World Mental Health Day

Books are wondrous chapels of escapism. They can transport us to realms far beyond the reaches of our own imagination. They introduce us to friends whom we’ll never meet but still love like family. They are never ending treasure troves of unexplored adventures. But they can also be the warm hug we need at the darkest of times; the shoulder to lean on when we don’t know where to turn; the friend who understands what’s wrong without a single word.

Today is World Mental Health Day, and I want to share some of the books that have been like warm hugs to me as I’ve struggled with my own demons, in the hopes that maybe they’ll be there for others as well.

Entangled – Cat Clarke

In my review for this book, I mentioned how much I love the realism that Cat puts into her writing, and Entangled is the perfect example of that.

It’s a difficult read, because it’s real, and that’s what made me fall in love with this book; I could relate to Grace because she was so believable. I’d recommend reading Cat’s other works as well, ( I especially recommend Undone), as they very often touch on mental health issues, but I’ve chosen this one because it was the one that made me fall in love with her stories.

Am I Normal Yet? – Holly Bourne

I don’t have OCD, so I cannot begin to understand what it’s like to live with, but the thing I most loved about this first book in The Normal Series, was the fact that this isn’t a story about OCD; it’s a story about growing up and struggling with school and making friends, all those things we all go through but which are made ten times harder when you’re battling demons inside. Holly recognised the need for a story that declared we are not our mental health; we are real people who have to struggle with these issues on top of the daily struggles of growing up. The entire Normal series is a wondrous exploration of friendship and feminism, but this one will always have a special place in my heart because of this, and I’d love to see more stories about characters with mental health issues, which aren’t about their mental health issues.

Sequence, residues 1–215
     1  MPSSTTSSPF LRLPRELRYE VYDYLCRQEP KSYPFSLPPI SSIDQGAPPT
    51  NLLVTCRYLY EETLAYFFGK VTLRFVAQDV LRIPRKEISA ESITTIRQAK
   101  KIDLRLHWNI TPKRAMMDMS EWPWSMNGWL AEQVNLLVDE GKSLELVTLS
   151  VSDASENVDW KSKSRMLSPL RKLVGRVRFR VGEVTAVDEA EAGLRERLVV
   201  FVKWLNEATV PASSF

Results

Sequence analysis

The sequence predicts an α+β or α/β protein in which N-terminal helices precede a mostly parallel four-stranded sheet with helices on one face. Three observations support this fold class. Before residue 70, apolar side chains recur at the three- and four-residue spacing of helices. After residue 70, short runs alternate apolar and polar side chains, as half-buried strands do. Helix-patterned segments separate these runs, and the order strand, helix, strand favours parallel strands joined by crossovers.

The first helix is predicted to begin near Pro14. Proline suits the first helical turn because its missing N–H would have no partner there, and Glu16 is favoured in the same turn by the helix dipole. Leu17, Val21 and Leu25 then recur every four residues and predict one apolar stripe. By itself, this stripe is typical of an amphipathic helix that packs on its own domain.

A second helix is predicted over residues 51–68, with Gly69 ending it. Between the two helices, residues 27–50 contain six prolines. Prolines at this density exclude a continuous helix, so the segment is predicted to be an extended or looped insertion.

Finding Audrey – Sophie Kinsella

This book affected me so much that I actually ended up recommending it to my therapist. Detailing Audrey’s life after an untold event that brings about a severe bout of Anxiety, I think I loved this story as much as I did because Audrey felt so real. Everything she is going through I could relate to and there was something incredibly comforting about seeing that in a story. This book honestly helped change my mindset about my own recovery, and it will always mean something special to me.

The Shock of the Fall – Nathan Filer

I’ve always held the belief that if a friend recommends a book to you, you should read it. Not least because you should hold their opinion in high regard, what with them being your friend and all, but because to recommend a book to someone means that book has affected you in some major way, and therefore it’s your duty as a friend to want to understand why.

I never reviewed this book on here or on Goodreads, for the simple reason I couldn’t put into words how brilliant it was, how deeply it effected me, how raw and brutal, yet beautiful it is. It touches on Depression and PTSD, and is a very honest account of how that can impact a person’s life, and if you want to read a story that truly reflects how isolating and painful mental health issues can be, then this is the book to read.

A Boy Made of Blocks

Last week, the BBC aired a documentary fronted by Miranda and Bridget Jones actress, Sally Phillips, in which she discussed a new test that could see the eradication of Down syndrome babies being born in this country. As a mother of a boy with Downs, she was highlighting how sad this would be, because, yes Downs is a major affliction, but it can also be incredibly wonderful, and it is in this same vein that Keith Stuart wrote A Boy Made of Blocks, celebrating life as the father of a boy on the Autism spectrum.

It is a beautiful story that I highly recommend, because it really does show a side to autism we rarely see in the media or literature; a side that celebrates the wonder through which people on the spectrum see our world. It is quite simply a joyful and incredibly insightful read.


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